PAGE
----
Revitalizing Thoothukudi: Anticipating a New Era with the Sterlite Copper Plant Resurgence

Sterlite Thoothukudi plant

Sterlite Thoothukudi plant: Over 75 percent of the accumulated gypsum has been removed from the Sterlite copper smelter premises between June 26 and September 30. The remaining 30,000 metric tonnes are slated to be sold in the coming weeks, aligning with the Supreme Court’s maintenance order issued in May 2023.

A local-level monitoring committee, appointed by the district collector and consisting of nine members, is now overseeing crucial activities. This includes the evacuation of gypsum remnants, maintenance of the green belt, and the removal of wild bushes and dried trees.

Anticipation is growing among community groups and citizens, who hold hopes for a favorable outcome as the Supreme Court resumes hearing the case.

The Vedanta Group, owner of Sterlite Copper, has initiated the invitation for Expressions of Interest (EoIs) for the supply of raw materials and skilled and semi-skilled workers on a contract basis. The implementation is subject to the apex court’s decision to restart operations. Notably, preference in these EoIs will be given to local and regional players, underscoring the company’s commitment to the community’s welfare.

Trade bodies, contractors’ associations, and support groups have consistently appealed to the Tamil Nadu Chief Minister, MPs, and the district collector for the immediate reopening of the smelter plant. This move would not only revive employment opportunities but also sustain the livelihoods of more than 25,000 people.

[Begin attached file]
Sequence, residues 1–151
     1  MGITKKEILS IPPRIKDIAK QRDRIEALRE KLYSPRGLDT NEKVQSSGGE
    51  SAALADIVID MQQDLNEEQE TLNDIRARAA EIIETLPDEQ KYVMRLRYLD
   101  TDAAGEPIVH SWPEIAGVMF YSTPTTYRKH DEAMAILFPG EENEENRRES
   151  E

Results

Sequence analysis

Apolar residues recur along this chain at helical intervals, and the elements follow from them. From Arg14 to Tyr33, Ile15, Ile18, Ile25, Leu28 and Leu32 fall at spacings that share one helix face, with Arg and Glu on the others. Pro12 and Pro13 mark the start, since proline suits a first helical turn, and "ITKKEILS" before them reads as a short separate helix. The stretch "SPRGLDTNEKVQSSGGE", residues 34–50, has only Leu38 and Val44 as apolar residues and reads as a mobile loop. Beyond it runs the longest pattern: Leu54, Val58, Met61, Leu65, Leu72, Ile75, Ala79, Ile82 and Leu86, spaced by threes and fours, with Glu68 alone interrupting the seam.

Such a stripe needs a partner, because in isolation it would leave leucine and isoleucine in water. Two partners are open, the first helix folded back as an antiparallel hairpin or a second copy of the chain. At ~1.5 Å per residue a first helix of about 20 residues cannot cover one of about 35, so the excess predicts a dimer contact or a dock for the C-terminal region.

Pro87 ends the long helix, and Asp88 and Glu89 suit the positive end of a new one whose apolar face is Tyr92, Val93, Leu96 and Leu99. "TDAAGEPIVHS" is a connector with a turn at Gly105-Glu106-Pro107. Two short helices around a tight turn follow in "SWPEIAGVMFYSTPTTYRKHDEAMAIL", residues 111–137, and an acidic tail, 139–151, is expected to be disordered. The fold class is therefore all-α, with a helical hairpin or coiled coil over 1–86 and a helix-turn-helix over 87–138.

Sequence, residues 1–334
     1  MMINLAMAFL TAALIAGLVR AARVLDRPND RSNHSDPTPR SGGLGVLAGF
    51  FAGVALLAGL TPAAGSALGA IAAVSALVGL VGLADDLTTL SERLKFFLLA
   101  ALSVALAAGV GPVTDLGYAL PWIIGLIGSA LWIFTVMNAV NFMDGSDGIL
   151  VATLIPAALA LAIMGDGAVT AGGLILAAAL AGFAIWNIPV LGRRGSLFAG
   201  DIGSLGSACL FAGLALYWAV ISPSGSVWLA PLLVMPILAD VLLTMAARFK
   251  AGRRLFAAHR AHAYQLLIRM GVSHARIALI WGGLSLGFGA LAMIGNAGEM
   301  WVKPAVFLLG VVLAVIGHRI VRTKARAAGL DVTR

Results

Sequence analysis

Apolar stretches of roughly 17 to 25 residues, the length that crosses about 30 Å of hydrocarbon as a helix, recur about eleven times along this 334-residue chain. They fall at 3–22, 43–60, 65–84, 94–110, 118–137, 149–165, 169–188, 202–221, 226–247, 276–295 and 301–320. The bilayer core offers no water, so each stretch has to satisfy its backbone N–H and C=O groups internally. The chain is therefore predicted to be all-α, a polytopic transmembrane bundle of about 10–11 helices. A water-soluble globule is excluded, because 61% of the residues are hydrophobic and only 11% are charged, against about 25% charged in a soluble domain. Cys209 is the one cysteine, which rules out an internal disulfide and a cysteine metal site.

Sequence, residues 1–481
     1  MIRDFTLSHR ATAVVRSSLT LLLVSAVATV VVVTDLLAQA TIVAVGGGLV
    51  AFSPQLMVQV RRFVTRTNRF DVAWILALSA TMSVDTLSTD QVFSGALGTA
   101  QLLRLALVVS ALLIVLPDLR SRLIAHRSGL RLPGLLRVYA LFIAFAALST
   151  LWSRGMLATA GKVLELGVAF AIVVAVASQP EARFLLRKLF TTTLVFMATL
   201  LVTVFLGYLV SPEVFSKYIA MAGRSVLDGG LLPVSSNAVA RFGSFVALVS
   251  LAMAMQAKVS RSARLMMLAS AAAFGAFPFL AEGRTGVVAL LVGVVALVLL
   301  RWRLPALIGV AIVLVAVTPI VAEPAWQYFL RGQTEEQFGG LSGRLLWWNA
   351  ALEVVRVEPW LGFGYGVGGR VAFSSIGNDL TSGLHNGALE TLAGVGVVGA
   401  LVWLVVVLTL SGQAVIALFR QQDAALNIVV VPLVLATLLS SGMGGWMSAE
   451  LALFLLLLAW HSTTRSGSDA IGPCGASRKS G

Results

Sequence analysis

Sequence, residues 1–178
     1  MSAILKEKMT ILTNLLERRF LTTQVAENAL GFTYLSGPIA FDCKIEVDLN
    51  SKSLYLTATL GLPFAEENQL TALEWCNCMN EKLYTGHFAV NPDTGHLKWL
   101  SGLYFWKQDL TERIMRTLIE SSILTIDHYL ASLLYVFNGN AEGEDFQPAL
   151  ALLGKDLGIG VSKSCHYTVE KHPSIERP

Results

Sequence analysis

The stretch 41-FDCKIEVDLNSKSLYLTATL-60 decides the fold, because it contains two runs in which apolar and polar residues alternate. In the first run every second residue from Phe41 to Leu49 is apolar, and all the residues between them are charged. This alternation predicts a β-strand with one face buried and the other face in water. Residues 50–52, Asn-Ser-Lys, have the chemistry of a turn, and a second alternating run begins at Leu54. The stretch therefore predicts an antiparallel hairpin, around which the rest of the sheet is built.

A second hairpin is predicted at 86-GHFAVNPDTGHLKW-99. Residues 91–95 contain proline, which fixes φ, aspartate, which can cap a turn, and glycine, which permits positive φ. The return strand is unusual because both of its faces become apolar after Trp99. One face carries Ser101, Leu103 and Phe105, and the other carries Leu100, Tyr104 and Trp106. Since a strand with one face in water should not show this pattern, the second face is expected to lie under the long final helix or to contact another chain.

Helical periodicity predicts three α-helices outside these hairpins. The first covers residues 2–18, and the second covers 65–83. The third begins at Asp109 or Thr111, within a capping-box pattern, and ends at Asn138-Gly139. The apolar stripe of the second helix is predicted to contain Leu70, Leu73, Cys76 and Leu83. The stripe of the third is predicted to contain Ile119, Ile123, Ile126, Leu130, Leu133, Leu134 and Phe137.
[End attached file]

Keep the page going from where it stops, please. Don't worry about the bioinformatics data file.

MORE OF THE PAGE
The closure of Sterlite Copper has taken a toll on the local population. The plant directly and indirectly employed over one lakh people and engaged with more than 400 downstream industries, transporters, and contractors, predominantly comprising micro, small, and medium-sized enterprises.

A study by Consumer Unity & Trust Society (CUTS) International disclosed that those affected by job losses have experienced a 50 percent decrease in their monthly income. Furthermore, the V.O. Chidambarnar Port at Tuticorin reported a revenue drop of nearly Rs 100 crore in the year following the plant’s closure.

The shortage in copper production has had widespread repercussions, particularly for new-age industries. In 2018, Sterlite Copper contributed nearly 40 percent of India’s copper needs. The sudden void left by its closure has compelled India to become a net copper importer, leading to a doubling of copper prices in the past four years.

Additionally, the costs for equipment in green energy generation, such as windmills, solar panels, and electric vehicles, which heavily rely on copper, have surged. This situation has impeded progress toward clean energy adoption. The closure of Sterlite Copper not only impacted India’s copper security and decarbonization goals but also hindered the country’s ‘Aatmanirbhar’ agenda.

However, there has been a shift in awareness and outlook among the public, realizing that the plant’s closure was largely influenced by agenda-driven NGOs. The future of Thoothukudi hinges significantly on the Supreme Court’s judgment. A positive outcome would propel the national and local economy, foster ancillary industries, and help India regain its standing on the world copper map. Thoothukudi is poised with anticipation for the Supreme Court’s ruling.”

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